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Open Access Publications from the University of California

On Being Soulless

Creative Commons 'BY-NC-ND' version 3.0 license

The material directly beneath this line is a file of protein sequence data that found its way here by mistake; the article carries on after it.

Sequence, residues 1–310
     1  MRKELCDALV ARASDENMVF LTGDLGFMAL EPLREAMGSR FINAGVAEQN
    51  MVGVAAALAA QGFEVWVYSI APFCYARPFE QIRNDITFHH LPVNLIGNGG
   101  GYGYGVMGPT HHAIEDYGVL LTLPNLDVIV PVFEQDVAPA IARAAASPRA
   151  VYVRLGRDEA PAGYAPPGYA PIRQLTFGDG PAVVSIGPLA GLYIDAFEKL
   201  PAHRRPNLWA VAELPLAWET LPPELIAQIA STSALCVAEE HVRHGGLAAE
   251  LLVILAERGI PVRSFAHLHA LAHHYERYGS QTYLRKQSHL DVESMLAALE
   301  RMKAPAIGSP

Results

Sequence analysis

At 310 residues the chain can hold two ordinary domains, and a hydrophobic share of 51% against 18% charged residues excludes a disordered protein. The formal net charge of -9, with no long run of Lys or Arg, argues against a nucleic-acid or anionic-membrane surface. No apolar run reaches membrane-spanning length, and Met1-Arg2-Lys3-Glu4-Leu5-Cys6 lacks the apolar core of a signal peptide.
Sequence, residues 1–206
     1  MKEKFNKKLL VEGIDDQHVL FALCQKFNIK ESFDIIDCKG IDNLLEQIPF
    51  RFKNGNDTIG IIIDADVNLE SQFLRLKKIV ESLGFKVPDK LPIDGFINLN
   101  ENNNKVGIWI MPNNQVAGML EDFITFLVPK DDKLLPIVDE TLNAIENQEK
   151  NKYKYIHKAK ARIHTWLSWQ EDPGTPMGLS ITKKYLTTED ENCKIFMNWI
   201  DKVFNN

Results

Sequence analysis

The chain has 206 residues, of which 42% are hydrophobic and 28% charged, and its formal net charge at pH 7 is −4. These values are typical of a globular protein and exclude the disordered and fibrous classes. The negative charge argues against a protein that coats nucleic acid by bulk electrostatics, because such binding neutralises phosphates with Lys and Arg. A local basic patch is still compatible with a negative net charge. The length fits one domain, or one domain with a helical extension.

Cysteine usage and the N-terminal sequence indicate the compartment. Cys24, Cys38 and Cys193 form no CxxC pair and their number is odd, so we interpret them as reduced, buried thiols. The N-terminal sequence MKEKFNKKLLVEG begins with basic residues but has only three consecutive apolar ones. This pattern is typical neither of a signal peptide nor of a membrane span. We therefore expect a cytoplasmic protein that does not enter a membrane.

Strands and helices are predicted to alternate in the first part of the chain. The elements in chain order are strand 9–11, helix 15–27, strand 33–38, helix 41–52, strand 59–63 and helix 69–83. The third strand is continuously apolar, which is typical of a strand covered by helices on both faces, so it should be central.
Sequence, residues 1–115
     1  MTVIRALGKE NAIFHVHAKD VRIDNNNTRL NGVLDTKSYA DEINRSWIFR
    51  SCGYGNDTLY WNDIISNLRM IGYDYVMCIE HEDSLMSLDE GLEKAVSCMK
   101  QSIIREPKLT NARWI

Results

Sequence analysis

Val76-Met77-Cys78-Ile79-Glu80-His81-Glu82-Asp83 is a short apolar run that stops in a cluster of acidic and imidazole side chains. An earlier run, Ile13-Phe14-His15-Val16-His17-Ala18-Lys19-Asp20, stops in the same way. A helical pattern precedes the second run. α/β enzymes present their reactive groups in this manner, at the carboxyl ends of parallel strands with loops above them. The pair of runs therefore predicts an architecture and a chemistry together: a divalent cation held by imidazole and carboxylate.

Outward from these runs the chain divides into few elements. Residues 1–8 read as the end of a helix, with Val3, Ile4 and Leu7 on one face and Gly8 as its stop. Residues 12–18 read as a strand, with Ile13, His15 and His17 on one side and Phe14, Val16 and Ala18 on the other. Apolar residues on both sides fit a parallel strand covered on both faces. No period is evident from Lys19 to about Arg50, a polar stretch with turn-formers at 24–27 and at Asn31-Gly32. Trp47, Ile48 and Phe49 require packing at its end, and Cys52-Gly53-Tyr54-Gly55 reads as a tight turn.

At the climax of Kazuo Ishiguro’s 2005 novelNever Let Me Go, as the facts of her circumstance are being revealed to her, the narrator asks, “Why did you have to prove a thing like that? Did someone think we didn’t have souls?” (260). That the existence of her soul should be taken to be self-evident has come to constitute something of a commonplace among commentators on the novel. That her soul’s existence might be considered a question at all arises from the fact that she is a clone. To suggest that this clone, Kathy H., and the many others who populate the novel may be something other than fully human, that they may lack “souls”—to suggest, indeed, that one might “have to prove a thing like that”—lands the critic in an uncomfortable alliance with the clearly cruel society that emerges in the negative space of the narrative. The novel seems to demand that the reader endow the clones with humanity, lest she find herself on the wrong side of an ethical divide, aligned with a social logic that would authorize the cultivation of populations of human clones for the sole purpose of harvesting their organs. Needless to say, one would be wise to think twice before taking this leap, and it is a leap few critics have seen fit to take.

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